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Dear Supporter,                                     August 8, 2012

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Please Oppose Unnecessary & Cruel Federal Roundup of Small Herds in Idaho

The proposed helicopter roundup of wild horses living in Idaho's Black Mountain and Hardtrigger Herd Management Areas (HMAs) is inhumane, unnecessary, and wastes tax dollars. Once again, the Bureau of Land Management (BLM) plans to remove more than 100 wild horses from these HMAs, leaving behind just 96 horses in this 114,000-acre public lands area. Due to the BLM's mismanagement of these herds -- including the continual removals that have reduced the population down to dangerously low levels -- the genetic health of these animals is in jeopardy.

The BLM thinks we will eventually go away and silently allow this inexcusable extermination of our wild horses to continue. Let's prove the agency wrong. Please speak up for these Idaho mustangs by clicking here or below. 


Mustangs Rescued from Slaughter Find Refuge at a Virginia Sanctuary

Nu-Pah-hay, at left, was captured by the government from the Twin Peaks Herd Management Area in northern California at the tender age of three. For 20 years, he was used and abused by humans, before being dumped at a slaughter auction. Thin, neglected and afraid, he was rescued from the kill pen along with Tawn-ha (right), who was also dumped for slaughter after a life in service to humans. Tawn-ha was captured from the South Steens HMA in Oregon in 1989. Read the story of these horses, their rescuer, and the sanctuary that stepped up to give them a forever home by clicking here or below.


Register Now: HSUS Symposium on Humane Management of Wild Horses with Immunocontraception to be Held this Month

Please don't miss the Wild Horse Symposium, organized by The Humane Society of the United States, on August 28, 2012 in Jackson Hole, Wyoming. Symposium presenters will highlight progress in contraceptive vaccine technology, share their experience with different approaches to vaccine delivery, and explore means of empowering government agencies, private sanctuaries, and other wild horse managers to use contraception to manage wild horse and burro populations effectively. Immunocontraception provides a safe and cost-effective alternative to brutal federal wild horse roundups, so the symposium is sure to be an important and informative event. To learn more and to register to attend, please click here or below.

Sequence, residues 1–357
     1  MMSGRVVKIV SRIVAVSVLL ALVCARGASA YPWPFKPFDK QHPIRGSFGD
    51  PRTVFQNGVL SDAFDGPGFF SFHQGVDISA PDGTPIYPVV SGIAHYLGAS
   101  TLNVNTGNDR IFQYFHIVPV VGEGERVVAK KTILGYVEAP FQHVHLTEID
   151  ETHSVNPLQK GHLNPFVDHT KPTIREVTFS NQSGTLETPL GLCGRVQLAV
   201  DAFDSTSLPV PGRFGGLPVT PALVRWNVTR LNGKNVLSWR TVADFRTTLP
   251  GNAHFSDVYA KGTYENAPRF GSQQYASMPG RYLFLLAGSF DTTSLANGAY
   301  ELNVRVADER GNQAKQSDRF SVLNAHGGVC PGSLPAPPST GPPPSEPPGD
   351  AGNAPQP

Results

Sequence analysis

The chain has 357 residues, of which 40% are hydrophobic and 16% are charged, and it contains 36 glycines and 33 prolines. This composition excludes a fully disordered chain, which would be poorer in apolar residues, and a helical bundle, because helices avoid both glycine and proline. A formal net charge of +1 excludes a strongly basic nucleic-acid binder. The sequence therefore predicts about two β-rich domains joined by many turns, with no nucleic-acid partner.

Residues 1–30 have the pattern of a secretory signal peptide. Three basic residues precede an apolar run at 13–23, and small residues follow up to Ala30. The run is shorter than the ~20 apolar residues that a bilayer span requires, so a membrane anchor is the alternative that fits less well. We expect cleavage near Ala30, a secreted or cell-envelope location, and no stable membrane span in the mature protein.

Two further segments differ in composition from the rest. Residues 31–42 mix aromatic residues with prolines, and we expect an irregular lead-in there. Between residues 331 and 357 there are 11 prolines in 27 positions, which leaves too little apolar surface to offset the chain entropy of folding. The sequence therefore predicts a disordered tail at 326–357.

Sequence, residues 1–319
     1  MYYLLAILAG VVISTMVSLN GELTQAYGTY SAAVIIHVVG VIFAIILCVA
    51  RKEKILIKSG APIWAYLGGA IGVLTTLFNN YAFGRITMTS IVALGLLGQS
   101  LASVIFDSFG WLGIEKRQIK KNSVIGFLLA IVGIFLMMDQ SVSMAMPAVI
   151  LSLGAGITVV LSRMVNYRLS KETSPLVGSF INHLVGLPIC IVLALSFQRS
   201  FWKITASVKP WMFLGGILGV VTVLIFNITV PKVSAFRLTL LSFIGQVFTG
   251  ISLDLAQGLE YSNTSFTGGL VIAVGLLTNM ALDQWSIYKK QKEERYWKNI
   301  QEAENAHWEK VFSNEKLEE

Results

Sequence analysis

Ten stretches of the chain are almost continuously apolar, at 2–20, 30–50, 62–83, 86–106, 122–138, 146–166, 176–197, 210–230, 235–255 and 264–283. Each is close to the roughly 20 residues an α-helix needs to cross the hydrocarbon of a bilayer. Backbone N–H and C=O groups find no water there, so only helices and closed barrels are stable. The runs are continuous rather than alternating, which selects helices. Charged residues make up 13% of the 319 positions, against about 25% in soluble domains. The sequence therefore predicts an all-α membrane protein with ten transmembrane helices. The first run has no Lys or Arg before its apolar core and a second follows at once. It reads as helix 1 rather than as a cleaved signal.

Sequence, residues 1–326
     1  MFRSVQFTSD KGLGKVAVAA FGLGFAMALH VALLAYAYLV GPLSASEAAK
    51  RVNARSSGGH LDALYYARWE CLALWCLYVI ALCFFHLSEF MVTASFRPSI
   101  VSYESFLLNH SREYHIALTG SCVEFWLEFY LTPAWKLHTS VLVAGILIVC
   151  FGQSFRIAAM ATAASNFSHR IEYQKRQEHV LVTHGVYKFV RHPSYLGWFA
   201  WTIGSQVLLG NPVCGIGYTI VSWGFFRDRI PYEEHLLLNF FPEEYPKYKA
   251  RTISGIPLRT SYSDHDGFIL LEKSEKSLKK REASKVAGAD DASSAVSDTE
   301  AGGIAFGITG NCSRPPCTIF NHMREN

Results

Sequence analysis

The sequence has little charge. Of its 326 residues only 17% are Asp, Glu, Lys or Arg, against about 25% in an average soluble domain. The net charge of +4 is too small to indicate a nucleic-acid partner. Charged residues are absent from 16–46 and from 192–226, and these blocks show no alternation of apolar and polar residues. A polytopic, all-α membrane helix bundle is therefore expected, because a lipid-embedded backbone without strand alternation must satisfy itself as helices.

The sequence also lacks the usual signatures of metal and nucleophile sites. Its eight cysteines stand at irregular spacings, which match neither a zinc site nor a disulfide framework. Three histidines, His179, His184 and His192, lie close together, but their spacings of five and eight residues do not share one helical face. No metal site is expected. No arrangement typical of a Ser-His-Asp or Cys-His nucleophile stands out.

Sheldon National Wildlife Refuge Launches Wild Horse and Burro Roundup

The beautiful horses pictured at left were peacefully living their lives in the Sheldon Wildlife Refuge last winter when photographer Mike Lorden came upon them and took this iconic shot. Now those same horses are the target of a federal roundup, launched in the refuge this past Saturday, August 4, 2012. The government is targeting 180 wild horses and 76 wild burros for removal from the refuge, which is located on the Nevada/Oregon border. The roundup is part of a larger effort to completely eradicate wild horses and burros from this 500,000+ acre public land area, which is managed by the U.S Fish and Wildlife Service. Since the Wild Free Roaming Horses and Burros Act applies only to mustangs and burros living on BLM or Forest Service lands, Sheldon's horses are not protected by federal law, even though they are part of a larger wild horse population that migrates between public lands in this remote tri-state (CA/OR/NV) area. Read the government's announcement by clicking here or below.

  The American Wild Horse Preservation Campaign (AWHPC) is dedicated to preserving American wild horses and burros in viable free-roaming herds for generations to come, as part of our national heritage. Supported by a coalition of over 50 organizations, its grassroots campaign seeks:

    * A suspension of roundups in all but verifiable emergency situations while the entire BLM wild horse and burro program undergoes fiscal and scientific reform;

    * Higher Appropriate Management Levels (AML) for wild horses and burros on those rangelands designated for them based on a fairer allocation of resources on our public lands;

* Implementation of in-the-wild management, which would keep wild horses and burros on the range and save taxpayers millions of dollars annually by avoiding the removal and stockpiling of wild horses in government holding facilities.



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